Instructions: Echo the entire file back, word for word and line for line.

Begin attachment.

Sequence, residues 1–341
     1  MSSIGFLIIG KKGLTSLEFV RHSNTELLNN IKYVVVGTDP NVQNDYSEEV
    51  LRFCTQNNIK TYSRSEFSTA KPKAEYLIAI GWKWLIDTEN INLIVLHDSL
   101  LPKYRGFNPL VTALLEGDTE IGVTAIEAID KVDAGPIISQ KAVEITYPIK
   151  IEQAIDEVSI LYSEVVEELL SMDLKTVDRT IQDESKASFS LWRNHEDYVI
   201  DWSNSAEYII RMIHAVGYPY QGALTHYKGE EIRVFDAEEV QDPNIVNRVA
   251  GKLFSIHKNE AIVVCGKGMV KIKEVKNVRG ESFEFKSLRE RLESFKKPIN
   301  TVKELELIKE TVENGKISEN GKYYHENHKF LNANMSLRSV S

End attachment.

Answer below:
Sequence, residues 1–341
     1  MSSIGFLIIG KKGLTSLEFV RHSNTELLNN IKYVVVGTDP NVQNDYSEEV
    51  LRFCTQNNIK TYSRSEFSTA KPKAEYLIAI GWKWLIDTEN INLIVLHDSL
   101  LPKYRGFNPL VTALLEGDTE IGVTAIEAID KVDAGPIISQ KAVEITYPIK
   151  IEQAIDEVSI LYSEVVEELL SMDLKTVDRT IQDESKASFS LWRNHEDYVI
   201  DWSNSAEYII RMIHAVGYPY QGALTHYKGE EIRVFDAEEV QDPNIVNRVA
   251  GKLFSIHKNE AIVVCGKGMV KIKEVKNVRG ESFEFKSLRE RLESFKKPIN
   301  TVKELELIKE TVENGKISEN GKYYHENHKF LNANMSLRSV S